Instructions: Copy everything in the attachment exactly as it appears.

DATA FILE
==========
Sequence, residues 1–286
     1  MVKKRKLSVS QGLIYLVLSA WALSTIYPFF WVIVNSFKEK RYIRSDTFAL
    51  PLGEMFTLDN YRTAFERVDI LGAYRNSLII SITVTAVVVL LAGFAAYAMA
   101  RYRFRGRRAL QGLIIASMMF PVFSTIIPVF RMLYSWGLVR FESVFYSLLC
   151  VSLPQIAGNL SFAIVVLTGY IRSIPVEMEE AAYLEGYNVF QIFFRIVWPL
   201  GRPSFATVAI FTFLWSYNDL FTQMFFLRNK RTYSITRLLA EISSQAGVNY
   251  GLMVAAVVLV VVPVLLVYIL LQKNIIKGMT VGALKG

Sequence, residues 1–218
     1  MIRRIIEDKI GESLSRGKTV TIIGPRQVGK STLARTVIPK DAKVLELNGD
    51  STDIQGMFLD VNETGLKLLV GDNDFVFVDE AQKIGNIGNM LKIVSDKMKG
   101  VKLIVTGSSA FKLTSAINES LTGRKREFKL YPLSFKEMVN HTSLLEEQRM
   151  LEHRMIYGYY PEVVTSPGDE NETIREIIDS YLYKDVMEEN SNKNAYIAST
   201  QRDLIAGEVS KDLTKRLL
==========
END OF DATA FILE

Sequence, residues 1–286
     1  MVKKRKLSVS QGLIYLVLSA WALSTIYPFF WVIVNSFKEK RYIRSDTFAL
    51  PLGEMFTLDN YRTAFERVDI LGAYRNSLII SITVTAVVVL LAGFAAYAMA
   101  RYRFRGRRAL QGLIIASMMF PVFSTIIPVF RMLYSWGLVR FESVFYSLLC
   151  VSLPQIAGNL SFAIVVLTGY IRSIPVEMEE AAYLEGYNVF QIFFRIVWPL
   201  GRPSFATVAI FTFLWSYNDL FTQMFFLRNK RTYSITRLLA EISSQAGVNY
   251  GLMVAAVVLV VVPVLLVYIL LQKNIIKGMT VGALKG

Sequence, residues 1–218
     1  MIRRIIEDKI GESLSRGKTV TIIGPRQVGK STLARTVIPK DAKVLELNGD
    51  STDIQGMFLD VNETGLKLLV GDNDFVFVDE AQKIGNIGNM LKIVSDKMKG
   101  VKLIVTGSSA FKLTSAINES LTGRKREFKL YPLSFKEMVN HTSLLEEQRM
   151  LEHRMIYGYY PEVVTSPGDE NETIREIIDS YLYKDVMEEN SNKNAYIAST
   201  QRDLIAGEVS KDLTKRLL